Since lightweight AEDs are easy to mobilize and deploy in the event of an emergency, they are advised to be held in public places where large crowds gather. They are especially useful for treating someone who may be suffering from a sudden cardiac problem or any other ailment that affects their heart due to their ease of use and the fact that they can do no harm when used.

What is the Aviation Medical Assistance Act?

Should you ever find yourself in an airplane, you may have to deal with another passenger who could succumb to a cardiac issue. If you ever find yourself in such a situation, you may be confused as to how to act. The Aviation Medical Assistance Act governs such situations, and you should become familiar with it, especially if you are a physician who flies a lot.

It is important that if you are a physician, that you carry some kind of physician identification with you, as you are not allowed to assist an individual in need if you do not. This is because, in line with the Act, the flight attendants do not allow anyone without this identification to administer any medication or treatment. Should you not have any form of identification, you can apply for a professional photo identification card that includes your name, photo, license number in that particular state, as well as the expiration date of the particular license.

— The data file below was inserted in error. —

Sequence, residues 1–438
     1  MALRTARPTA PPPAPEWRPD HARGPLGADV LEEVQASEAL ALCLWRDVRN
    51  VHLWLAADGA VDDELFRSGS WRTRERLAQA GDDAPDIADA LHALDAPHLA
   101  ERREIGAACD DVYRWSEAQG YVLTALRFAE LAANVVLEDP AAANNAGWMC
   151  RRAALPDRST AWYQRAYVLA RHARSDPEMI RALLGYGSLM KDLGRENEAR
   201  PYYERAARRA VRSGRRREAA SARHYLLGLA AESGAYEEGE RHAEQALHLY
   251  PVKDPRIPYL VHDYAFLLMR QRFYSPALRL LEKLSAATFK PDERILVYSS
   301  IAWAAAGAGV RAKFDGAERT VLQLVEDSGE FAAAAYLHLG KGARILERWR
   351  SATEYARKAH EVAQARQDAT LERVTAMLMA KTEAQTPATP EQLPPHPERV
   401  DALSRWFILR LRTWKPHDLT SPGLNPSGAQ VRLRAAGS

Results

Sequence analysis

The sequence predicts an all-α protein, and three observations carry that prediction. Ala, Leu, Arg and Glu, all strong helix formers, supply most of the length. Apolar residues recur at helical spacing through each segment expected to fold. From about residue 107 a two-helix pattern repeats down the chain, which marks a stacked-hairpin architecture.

You should also be aware of the fact that medical equipment on a plan is limited. All flights are required by the law to have an automated external defibrillator and emergency medical kits on board. These medical kits contain just the bare minimum of what you may need to treat a minor medical incident; however, it is important that should a person experience any heart rhythm issue, you may be required to use the automated external defibrillator (AED) to save their life.